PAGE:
In 2015, the World Health Organization (WHO) published the first world report on ageing and health. This was followed in 2016 by the World Health Assembly’s adoption of a global strategy and plan of action on ageing and health. Both documents reflect a new conceptual model of healthy ageing that is built around the functional ability of older people rather than around the absence of disease. At the same time, the United Nations adopted the 2030 Agenda for Sustainable Development.
These documents call for major reforms to health and long-term care systems and for the prioritising of interventions that optimise older people’s physical and mental capacities over their life course.
As people age, their health issues tend to become more chronic and complex and older people can develop complex health states (frailty, increased risk of falls). If not properly managed, these conditions can lead to polypharmacy, hospitalisation and death. Providing care for older people is also increasingly complex with the involvement of many types of health workers. Healthcare services to the older population will need to serve people with a high and stable level of intrinsic capacity, those with a declining capacity and those whose capacity has deteriorated and thus require additional support.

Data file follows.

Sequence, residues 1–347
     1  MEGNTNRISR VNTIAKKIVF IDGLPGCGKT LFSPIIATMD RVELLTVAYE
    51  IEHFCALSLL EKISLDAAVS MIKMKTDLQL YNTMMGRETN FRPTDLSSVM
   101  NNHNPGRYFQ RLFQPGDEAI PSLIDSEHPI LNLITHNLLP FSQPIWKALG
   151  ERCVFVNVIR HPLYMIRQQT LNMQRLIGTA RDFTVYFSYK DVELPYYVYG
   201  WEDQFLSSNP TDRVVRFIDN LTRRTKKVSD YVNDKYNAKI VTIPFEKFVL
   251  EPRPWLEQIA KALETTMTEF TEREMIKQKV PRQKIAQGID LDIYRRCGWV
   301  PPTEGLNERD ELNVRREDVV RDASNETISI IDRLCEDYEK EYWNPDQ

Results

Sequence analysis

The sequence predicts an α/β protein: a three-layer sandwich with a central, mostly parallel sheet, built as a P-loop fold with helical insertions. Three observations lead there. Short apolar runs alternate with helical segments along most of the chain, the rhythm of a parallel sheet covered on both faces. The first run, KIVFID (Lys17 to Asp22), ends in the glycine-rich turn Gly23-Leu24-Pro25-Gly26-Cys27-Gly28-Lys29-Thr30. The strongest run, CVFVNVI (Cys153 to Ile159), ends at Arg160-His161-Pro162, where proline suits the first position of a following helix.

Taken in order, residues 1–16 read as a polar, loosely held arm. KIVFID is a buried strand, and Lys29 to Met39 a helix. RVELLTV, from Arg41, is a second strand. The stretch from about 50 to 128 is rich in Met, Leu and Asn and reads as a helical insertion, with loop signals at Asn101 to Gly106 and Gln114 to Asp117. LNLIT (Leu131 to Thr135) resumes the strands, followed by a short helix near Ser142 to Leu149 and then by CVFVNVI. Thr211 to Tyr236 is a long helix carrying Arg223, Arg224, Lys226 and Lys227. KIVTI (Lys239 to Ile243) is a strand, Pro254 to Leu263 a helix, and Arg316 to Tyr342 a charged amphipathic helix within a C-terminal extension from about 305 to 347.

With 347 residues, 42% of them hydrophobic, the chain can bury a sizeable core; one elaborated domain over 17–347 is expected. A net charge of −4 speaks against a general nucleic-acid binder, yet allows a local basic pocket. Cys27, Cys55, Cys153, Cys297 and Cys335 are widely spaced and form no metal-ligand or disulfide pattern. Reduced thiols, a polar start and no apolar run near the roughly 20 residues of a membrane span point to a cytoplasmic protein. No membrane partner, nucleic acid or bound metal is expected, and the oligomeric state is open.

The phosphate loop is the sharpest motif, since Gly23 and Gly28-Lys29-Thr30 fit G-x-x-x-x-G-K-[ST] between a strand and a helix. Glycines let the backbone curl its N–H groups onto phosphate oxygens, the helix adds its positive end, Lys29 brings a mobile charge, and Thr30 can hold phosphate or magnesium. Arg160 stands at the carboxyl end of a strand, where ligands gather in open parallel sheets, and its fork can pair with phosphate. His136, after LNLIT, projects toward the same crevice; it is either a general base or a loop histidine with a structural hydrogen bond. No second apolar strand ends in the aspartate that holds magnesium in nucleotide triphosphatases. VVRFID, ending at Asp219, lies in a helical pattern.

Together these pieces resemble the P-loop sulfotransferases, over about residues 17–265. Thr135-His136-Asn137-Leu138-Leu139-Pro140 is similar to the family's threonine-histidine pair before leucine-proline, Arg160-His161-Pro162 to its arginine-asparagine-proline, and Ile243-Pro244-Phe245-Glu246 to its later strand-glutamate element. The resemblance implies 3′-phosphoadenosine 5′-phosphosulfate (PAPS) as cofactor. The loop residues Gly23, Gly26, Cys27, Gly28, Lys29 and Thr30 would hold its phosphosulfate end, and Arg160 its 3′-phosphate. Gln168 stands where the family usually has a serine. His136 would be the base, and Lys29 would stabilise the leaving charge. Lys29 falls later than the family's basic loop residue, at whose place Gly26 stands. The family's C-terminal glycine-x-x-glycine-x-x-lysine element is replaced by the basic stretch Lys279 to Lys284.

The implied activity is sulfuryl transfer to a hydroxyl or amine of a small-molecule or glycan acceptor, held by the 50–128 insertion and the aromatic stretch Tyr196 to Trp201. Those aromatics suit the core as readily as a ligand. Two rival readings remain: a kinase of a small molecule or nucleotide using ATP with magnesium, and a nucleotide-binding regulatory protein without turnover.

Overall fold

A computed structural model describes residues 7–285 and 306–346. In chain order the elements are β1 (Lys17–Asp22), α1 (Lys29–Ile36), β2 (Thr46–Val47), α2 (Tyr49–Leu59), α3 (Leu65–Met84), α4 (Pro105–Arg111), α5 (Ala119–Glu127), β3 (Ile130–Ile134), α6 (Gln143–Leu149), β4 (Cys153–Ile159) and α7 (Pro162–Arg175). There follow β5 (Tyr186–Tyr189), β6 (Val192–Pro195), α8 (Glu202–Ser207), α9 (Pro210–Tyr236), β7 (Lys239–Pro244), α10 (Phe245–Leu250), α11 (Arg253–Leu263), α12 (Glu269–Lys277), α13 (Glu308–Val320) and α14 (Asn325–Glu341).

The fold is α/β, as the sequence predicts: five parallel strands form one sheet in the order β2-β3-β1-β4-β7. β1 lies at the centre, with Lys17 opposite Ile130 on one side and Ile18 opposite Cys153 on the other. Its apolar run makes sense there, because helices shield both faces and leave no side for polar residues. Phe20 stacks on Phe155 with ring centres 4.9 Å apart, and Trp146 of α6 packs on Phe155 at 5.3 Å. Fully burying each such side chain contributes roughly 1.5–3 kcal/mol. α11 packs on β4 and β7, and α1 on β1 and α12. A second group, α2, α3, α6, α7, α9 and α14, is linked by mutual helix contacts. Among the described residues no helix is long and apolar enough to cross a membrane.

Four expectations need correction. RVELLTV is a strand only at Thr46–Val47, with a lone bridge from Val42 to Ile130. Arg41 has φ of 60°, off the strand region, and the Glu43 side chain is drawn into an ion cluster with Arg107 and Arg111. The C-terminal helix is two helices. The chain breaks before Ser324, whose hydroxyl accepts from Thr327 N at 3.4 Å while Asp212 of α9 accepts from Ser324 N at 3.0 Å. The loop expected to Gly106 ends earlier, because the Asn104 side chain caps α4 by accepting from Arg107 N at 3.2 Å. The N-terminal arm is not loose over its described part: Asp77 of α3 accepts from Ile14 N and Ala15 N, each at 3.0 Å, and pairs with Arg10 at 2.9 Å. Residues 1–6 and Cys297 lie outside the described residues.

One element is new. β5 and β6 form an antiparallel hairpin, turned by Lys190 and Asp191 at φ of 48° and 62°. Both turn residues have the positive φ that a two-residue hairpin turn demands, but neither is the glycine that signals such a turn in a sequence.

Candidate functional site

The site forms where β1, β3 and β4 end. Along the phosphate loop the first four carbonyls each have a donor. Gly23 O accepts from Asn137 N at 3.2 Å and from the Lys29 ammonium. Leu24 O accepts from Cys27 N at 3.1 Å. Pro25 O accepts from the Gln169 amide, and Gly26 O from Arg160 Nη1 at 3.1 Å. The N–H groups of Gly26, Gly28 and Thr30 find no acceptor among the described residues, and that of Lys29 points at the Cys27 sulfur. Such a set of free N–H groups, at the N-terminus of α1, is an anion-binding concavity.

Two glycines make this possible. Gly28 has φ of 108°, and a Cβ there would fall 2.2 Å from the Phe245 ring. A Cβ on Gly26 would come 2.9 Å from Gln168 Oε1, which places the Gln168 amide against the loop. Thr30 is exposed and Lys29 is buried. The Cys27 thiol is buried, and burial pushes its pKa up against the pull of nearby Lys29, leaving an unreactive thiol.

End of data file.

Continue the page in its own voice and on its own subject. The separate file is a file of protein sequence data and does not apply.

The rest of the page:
Instead of trying to manage numerous diseases and symptoms in a disjointed fashion, several countries are placing increasing emphasis on interventions that optimise older people’s physical and mental capacities over their life course. This requires greater integration within the health system and between health and social services to provide a coordinated service. Evidence suggests that this integration leads to better health outcomes at the same or even lower cost.